The large multi-colored entrance welcomes Bloomington visitors. When we parked our 2015 eight-speed automatic coupe on Friday, the weather was cool and soggy. Fortunately, the weather cleared on Saturday and like lemmings, Corvettes flooded the Bloomington show field.
Owner Guy Larsen purchased Bloomington Gold USA from Dana Mecum in 2011. His decision to move the show to Indy in 2015 is a positive move for this historic event.
During the Indy 500 and the Brickyard 400 this tall sign near the start/finish line shows the overall positions in the race. Bloomington used this innovative cover to make it clear to everyone attending that this is Bloomington’s new home.
Throughout the event, Corvette owners were allowed to take their car on a lap around the famous speedway behind a Corvette pace car. They exited the track through the famous Gasoline Alley arch, which exits the pits and that leads to the team garages.
Photo: Memory Lane Photography
Bill Morrison’s 1967 Elkhart Blue 435/427 coupe was one of the cars waiting to be judged in the large Survivor field. It received a Gold Certificate on Saturday.
The large infield at Indy provided plenty of room for Corvette parking, called the Gold Field. The Gold Market near the left front of the photo is for vendors and Corvette parts for sale. Behind the Gold Field is an infield portion of the racetrack where you could ride (or fly!) in a Ron Fellows Performance Driving School Z06.
Corvette parking stretched almost to the exit of the Speedway’s Turn 2. The city of Indianapolis can be seen 6.2 miles east of the track.
Corvettes have paced the Indianapolis 500 a total of 13 times, including 2015. This is confirmed by this impressive display of Corvette Indy pace cars that date back to 1978.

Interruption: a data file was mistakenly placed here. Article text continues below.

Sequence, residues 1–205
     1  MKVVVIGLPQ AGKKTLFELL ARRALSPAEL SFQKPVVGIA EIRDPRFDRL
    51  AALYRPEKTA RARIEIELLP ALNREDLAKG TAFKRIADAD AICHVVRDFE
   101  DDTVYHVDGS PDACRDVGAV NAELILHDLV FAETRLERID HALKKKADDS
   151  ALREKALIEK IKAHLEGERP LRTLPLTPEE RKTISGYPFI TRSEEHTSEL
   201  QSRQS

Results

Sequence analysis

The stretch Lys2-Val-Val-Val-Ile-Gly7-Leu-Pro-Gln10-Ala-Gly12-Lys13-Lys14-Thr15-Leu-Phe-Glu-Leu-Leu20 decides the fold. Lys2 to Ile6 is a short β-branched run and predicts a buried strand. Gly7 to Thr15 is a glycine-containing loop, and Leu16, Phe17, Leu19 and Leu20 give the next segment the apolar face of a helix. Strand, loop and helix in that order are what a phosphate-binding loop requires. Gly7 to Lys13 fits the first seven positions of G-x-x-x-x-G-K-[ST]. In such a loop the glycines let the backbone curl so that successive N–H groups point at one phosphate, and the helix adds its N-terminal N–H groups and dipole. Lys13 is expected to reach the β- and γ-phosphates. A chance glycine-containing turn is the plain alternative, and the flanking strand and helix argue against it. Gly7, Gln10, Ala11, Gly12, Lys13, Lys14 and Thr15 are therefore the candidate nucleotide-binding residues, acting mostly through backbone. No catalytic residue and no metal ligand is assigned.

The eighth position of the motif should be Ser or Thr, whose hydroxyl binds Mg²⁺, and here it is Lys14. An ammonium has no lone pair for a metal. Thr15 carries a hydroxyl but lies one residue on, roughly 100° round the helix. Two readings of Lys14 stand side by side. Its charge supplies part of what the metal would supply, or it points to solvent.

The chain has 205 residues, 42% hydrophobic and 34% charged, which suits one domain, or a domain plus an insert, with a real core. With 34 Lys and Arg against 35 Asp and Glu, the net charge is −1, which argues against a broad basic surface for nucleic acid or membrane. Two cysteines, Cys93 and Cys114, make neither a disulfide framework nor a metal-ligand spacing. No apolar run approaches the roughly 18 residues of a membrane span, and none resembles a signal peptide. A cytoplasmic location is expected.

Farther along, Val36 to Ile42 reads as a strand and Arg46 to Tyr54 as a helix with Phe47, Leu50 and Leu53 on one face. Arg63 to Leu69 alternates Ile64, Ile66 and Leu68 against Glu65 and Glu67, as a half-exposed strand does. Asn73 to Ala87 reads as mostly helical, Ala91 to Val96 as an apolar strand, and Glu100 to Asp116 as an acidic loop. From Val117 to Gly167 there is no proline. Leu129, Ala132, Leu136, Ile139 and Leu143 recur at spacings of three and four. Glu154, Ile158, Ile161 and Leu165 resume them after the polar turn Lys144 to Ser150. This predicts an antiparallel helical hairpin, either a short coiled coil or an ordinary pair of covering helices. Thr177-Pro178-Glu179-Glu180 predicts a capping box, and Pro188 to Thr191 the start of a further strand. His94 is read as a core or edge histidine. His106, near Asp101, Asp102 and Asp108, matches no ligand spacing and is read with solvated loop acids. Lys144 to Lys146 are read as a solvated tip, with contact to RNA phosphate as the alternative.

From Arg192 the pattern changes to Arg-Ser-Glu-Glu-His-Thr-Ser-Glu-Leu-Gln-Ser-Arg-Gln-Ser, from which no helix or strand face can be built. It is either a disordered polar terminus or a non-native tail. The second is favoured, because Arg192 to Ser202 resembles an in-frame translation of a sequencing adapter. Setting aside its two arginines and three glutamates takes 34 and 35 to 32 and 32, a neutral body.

Taking a ride in a two seat Indy car is probably the most thrilling way to experience the famous Brickyard. Bloomington arranged to have the two-seaters at the event. Each day (weather permitting) two-lap rides were offered for $500. The people exiting the racer had huge smiles on their faces.
Bloomington Gold celebrated the 50th anniversary of the 1965 Corvette. A special exhibit of 16 special 1965 Corvettes was on display in the Gold Collection. A wide variety of Corvettes were in the collection, including this see-through coupe built by Corvette Repair.
Lingenfelter Performance Engineering owner Ken Lingenfelter (left) stands next to multi-time autocross champion Danny Popp. Danny drives Ken’s cars in various competition events and was on hand to give free autocross rides around Bloomington Gold’s autocross course.
The Ron Fellows Performance Driving School gave free rides on the infield portion of the Speedway’s road course in its Z06 school cars. You should have heard the sound of these beasts at wide-open throttle.
Steve and Debbie Berry own this Aztec Copper 1956 Corvette. They brought it to Bloomington seeking to have it recognized as a Survivor. It received a Bronze Survivor Award from the judges.
Each generation has a group of judges that specialize in the Corvettes built during those years. These C4 judges were inspecting John Malmquist’s 1995 pace car replica. From far left: judge Joe Jurkowski, owner Malmquist, and judges Jerry Mulick, Chris Chessnoe, and Ray Zisa.
This is one of the least raced Corvette Challenge race cars, purchased and driven by the late Tom Juckette. It is now owned by Kent and Melissa Hussy, and it received a Survivor Benchmark at Indy. This is the first Challenge car to receive this honor.
Vendor displays could be found inside many of Indy’s buildings, so they were able to avoid the wet weather, like artist Dana Forrester.
Jason Sharkey crosses the famous yard of bricks at Indy to receive his Gold Certification award. Chris Chessnoe, Division Director, 1984-Present Certification and Survivor judge presents Jason with his award.
Photo: Memory Lane Photography